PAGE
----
It gave Christ an opportunity to prove His Divinity through such obedience and selfless love.

It showed us a way to have Faith and Hope in God and His plan for us.

Finally “because it redounded to humanity’s greater dignity (ST 3:46:4). Of course, to simply have God become man in the Incarnation was an honor beyond all telling. But in Christ’s suffering, our race was granted more honor still.”

To avoid hijacking the thread any further, we should maybe take this to another thread if you still have comments or questions…

[quote=Kay Cee]Well, if the traditional/inerrancy crowd is wrong, you can only come to certain conclusions.

  1. God is changing.
    [/quote]

Maybe - we don’t know for sure. But then it doesn’t really matter as it is a fact that our understanding of God has developed and changed greatly.

  1. God got it wrong when He established His Church (God makes mistakes).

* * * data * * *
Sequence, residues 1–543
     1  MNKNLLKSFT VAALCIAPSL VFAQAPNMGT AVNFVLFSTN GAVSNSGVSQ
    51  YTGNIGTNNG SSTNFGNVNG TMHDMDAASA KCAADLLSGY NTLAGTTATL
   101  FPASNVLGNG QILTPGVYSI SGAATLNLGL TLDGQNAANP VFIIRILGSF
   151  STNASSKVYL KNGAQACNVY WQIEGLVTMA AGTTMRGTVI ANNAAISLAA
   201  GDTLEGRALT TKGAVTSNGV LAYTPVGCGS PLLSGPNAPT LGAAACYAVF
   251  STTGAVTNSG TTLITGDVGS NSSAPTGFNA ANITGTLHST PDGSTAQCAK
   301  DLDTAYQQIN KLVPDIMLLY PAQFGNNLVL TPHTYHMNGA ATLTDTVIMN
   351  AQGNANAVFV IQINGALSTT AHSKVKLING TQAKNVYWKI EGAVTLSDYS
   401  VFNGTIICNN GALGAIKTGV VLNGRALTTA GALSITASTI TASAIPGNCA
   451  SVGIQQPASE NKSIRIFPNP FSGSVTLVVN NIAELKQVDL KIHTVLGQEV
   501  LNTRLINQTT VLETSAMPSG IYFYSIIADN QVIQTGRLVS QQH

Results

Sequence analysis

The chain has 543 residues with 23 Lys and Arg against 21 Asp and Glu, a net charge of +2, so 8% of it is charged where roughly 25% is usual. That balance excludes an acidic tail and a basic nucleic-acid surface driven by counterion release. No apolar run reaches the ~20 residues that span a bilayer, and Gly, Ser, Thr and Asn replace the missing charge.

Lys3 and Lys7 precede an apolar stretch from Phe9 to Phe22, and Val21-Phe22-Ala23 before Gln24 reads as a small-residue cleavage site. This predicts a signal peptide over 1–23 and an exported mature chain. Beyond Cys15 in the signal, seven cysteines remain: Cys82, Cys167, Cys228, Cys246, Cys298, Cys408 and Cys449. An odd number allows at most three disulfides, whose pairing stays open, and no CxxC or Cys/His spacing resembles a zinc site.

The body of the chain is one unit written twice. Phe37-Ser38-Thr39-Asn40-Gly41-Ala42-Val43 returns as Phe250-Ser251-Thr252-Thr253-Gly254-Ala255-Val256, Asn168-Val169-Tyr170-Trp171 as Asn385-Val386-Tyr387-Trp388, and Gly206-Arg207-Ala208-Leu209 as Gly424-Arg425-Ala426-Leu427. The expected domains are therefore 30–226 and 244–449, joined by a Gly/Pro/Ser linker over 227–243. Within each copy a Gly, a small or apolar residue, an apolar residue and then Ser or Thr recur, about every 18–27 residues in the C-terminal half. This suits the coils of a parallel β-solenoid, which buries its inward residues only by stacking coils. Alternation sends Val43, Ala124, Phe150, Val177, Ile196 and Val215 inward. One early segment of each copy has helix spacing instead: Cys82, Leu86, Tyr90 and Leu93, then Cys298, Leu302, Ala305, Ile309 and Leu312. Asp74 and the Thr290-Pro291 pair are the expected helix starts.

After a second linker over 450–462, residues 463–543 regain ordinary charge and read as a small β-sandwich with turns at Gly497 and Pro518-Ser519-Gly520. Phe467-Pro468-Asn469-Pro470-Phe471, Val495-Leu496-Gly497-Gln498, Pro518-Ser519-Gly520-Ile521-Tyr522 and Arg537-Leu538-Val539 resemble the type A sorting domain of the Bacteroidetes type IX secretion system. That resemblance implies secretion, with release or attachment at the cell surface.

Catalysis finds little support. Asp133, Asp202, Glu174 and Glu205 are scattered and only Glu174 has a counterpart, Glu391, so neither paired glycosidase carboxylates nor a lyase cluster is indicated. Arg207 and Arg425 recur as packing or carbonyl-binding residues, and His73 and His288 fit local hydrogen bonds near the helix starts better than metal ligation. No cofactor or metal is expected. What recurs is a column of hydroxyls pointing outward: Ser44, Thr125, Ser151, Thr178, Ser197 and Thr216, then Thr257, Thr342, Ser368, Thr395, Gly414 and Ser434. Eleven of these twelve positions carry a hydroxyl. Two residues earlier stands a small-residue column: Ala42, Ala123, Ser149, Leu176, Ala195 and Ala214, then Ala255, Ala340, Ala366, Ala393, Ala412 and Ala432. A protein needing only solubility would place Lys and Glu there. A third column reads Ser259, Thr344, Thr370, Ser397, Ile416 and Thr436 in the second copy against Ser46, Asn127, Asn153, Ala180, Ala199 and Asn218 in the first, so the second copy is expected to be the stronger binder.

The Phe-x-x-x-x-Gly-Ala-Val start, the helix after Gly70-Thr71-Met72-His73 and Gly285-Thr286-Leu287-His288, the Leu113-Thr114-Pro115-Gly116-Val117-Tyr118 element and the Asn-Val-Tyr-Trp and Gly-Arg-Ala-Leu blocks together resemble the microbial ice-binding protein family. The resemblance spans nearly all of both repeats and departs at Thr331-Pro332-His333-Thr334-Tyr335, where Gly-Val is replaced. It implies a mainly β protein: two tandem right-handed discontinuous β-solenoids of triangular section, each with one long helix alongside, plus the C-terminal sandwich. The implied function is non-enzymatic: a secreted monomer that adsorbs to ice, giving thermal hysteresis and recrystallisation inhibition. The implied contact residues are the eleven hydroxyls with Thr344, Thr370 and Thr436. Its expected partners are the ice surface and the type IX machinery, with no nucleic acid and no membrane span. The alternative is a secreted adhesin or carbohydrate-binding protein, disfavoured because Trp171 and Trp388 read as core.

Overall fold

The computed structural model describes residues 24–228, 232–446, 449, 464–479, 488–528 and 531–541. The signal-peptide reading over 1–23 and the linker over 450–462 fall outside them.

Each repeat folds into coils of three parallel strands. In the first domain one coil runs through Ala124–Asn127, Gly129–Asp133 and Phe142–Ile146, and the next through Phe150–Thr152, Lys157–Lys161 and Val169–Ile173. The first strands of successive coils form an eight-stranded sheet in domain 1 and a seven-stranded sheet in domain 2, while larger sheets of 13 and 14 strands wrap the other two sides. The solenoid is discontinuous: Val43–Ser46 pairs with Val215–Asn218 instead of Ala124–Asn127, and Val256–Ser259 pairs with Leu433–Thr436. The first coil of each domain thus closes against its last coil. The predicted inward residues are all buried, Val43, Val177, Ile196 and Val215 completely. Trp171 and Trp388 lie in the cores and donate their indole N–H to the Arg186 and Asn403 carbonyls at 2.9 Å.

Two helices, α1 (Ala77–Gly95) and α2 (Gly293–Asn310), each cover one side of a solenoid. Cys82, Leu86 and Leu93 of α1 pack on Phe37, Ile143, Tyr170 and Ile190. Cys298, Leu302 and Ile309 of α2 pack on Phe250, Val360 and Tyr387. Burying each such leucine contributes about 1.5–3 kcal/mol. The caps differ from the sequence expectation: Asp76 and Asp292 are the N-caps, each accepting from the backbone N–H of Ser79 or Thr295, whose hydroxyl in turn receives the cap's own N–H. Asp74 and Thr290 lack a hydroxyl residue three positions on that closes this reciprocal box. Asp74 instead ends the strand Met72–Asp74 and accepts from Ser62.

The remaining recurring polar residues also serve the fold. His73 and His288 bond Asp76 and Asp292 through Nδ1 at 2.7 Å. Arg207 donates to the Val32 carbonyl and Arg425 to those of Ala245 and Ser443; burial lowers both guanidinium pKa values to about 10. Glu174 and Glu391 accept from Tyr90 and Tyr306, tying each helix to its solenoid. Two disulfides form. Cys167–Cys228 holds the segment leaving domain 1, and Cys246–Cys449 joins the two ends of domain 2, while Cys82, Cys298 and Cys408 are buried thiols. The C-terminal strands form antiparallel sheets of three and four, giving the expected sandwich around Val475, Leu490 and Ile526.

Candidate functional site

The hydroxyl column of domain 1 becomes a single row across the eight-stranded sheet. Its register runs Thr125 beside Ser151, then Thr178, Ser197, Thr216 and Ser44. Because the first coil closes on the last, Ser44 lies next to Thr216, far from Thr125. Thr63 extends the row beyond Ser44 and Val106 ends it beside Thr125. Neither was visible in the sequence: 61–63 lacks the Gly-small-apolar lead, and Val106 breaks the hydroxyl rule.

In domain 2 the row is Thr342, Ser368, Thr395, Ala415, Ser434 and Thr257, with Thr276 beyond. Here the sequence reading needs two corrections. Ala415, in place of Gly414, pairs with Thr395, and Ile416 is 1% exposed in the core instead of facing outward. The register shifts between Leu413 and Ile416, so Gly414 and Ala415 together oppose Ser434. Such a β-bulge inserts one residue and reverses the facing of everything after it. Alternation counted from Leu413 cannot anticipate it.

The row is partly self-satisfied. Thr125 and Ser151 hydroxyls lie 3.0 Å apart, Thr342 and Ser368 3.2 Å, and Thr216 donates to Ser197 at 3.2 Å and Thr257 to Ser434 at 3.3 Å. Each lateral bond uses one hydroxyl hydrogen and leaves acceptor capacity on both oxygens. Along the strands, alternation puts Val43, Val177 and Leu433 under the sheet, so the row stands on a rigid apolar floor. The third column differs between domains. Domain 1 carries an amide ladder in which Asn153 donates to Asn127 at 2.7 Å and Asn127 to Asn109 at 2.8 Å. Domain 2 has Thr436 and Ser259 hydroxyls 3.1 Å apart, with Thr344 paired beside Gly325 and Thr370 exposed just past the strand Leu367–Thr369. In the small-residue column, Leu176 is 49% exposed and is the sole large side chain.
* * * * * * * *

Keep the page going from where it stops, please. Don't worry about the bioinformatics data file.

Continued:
Hey, he left people in charge and boy do they make mistakes.

  1. The Gates of Hell have overcome the Church (God is either a liar or cannot see the future, which of course means He is not omniscient).

Maybe He’s not - there’s no way to know for sure.

  1. The Church was right for ancient people, but not for us–we know better! (Truth changes, therefore God Who is *Truth, *changes).

If the ancient people had it so "right’ we would all be Jewish! And yes, our understanding of truth, just as our understanding of God has developed and changed greatly

I can come to a lot better conclusions than you - conclusions that don’t pretend the church is destroyed by allowing for non-historical interpretations of the bible or misplaced concepts of inerrancy. I can read the church documents on the bible and understand the church’s recognition that there is much in the bible that is not factual history and that inerrancy applies to matters of faith, morals, and salvation.